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Chicken Parmesan is the ultimate comfort food. It’s greasy, cheesy, and warm, which ultimately means it is high in calories, low in nutrients, and will inevitably leave you with a stomachache.

I decided to mix things up a bit and find a healthy way to recreate this classic dish. By cutting back on the breadcrumbs, oil, and tomato sauce, this version is much healthier (and gluten free) and just as satisfying as the original!

Baked Parmesan-Crusted Chicken

(Adapted from Rachael Ray)

Ingredients

  • 4 6-8 oz. boneless, skinless chicken breasts
  • salt and pepper
  • 1 egg, beaten
  • ½ cup rice flour
  • ½ cup corn meal
  • ½ cup gluten-free bread crumbs
  • 1/3 cup grated parmesan cheese
  • 1 tbsp. parsley, finely chopped
  • 1 sprig rosemary, finely chopped
  • 1 tbsp. thyme, finely chopped
  • 1 tsp. garlic powder
  • 1 tsp. onion powder
  • 1 tsp. lemon zest
  • 1 tomato, chopped
  • 2 cups of salad greens
  • 2 tbsp. balsamic vinaigrette

Instructions 

7 Powerful Healing Benefits of Aromatherapy

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When I come home after a long day and it’s time to unwind, I dab a blend of lavender and sandalwood essential oils onto the soles of my feet to hasten the process. When a special someone in my household has tummy trouble, he’s been known to apply peppermint oil right onto his upset stomach. And once cold season hits, an aromatic mix of lavender, lemon, and peppermint flows through each room, opening up our airways. Whatever my body or mind asks for, I instantly wonder: is there an essential oil for that?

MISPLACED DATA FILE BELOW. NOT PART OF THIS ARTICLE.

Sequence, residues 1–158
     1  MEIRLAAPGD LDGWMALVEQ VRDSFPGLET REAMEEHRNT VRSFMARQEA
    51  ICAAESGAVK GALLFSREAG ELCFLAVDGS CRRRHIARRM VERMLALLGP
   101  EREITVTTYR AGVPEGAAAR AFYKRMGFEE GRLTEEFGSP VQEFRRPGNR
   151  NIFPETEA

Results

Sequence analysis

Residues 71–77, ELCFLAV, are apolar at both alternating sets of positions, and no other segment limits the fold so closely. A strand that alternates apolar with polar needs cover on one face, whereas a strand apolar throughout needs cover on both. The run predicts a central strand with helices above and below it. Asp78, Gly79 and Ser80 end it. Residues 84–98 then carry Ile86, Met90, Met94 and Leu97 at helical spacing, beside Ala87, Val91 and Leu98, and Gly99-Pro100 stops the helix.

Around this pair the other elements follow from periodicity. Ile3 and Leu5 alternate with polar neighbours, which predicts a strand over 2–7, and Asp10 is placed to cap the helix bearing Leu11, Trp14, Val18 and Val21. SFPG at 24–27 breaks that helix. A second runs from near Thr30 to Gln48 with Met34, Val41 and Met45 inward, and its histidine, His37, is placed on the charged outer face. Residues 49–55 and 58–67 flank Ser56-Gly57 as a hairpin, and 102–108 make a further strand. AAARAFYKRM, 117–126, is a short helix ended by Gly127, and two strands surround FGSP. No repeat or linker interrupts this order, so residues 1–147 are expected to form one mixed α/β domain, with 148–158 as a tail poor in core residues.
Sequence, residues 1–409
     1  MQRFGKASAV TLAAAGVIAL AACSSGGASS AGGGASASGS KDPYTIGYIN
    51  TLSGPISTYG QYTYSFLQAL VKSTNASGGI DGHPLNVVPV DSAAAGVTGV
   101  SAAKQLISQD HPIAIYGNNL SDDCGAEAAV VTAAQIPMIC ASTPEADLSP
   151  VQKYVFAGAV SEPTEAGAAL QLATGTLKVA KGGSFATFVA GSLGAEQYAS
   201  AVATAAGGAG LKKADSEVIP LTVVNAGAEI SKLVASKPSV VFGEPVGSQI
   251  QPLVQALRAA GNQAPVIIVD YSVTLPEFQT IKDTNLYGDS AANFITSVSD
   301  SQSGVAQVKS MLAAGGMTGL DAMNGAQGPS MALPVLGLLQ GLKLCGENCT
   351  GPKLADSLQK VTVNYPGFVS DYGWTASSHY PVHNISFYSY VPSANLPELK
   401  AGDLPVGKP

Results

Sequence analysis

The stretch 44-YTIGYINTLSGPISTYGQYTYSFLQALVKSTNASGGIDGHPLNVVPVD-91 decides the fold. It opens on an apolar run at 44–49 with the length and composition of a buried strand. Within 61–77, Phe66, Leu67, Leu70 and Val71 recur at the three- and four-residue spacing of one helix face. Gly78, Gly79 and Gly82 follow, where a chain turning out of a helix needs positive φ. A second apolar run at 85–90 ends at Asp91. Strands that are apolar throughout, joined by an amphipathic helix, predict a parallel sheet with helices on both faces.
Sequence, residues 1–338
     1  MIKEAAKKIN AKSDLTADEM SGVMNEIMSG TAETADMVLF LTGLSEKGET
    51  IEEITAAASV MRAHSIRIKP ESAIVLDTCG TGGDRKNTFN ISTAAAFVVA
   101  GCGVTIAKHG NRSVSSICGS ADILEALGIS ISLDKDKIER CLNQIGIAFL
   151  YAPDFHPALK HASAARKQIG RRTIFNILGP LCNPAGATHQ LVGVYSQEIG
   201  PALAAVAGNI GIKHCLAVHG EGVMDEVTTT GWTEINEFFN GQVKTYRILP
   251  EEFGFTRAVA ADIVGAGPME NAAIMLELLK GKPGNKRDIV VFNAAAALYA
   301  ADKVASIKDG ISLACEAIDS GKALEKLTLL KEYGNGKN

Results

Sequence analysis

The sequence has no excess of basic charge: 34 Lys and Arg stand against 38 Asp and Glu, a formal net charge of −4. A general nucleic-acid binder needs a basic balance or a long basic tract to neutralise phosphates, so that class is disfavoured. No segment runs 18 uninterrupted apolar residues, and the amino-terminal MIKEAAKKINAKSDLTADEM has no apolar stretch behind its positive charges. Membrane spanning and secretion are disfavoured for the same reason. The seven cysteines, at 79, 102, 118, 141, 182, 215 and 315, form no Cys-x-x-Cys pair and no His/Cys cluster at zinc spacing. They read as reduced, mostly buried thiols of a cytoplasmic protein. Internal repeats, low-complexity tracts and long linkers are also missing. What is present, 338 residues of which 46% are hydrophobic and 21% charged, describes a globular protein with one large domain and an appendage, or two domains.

Aromatherapy draws upon the healing powers of the leaves, flowers, stems, bark, seeds, roots, or peels of plants. It also encompasses a practice known as aromatic medicine, which centers on the belief that scent can strongly affect the mind. Historical use of essential oils dates back to ancient civilizations including the Egyptians, Babylonians, and Greeks, who valued aromatic oils for their fragrance and used them for both religious rituals and medicinal purposes. Today, essential oils support a thriving industry and are used in everything from flavored foods to candles and perfumes to treatments at top spas and body work centers.

Is Chicken Safe to Eat?

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Ninety-seven percent of raw chicken in U.S. supermarkets is contaminated with bacteria that could make you sick, according to a newConsumer Reports study. That’s important to remember. But it’s a bit like saying 97 percent of cigarettes could give you bad breath. Compared to the numerous other negative health impacts of eating chicken, food poisoning might actually be the least of your worries.

Foodborne illnesses are a serious threat to public health—taking the lives of about 3,000 Americans annually—and the poultry industry has no excuse for selling bacteria-laden meat. But contaminated or not, chicken is not safe to eat—it never has been.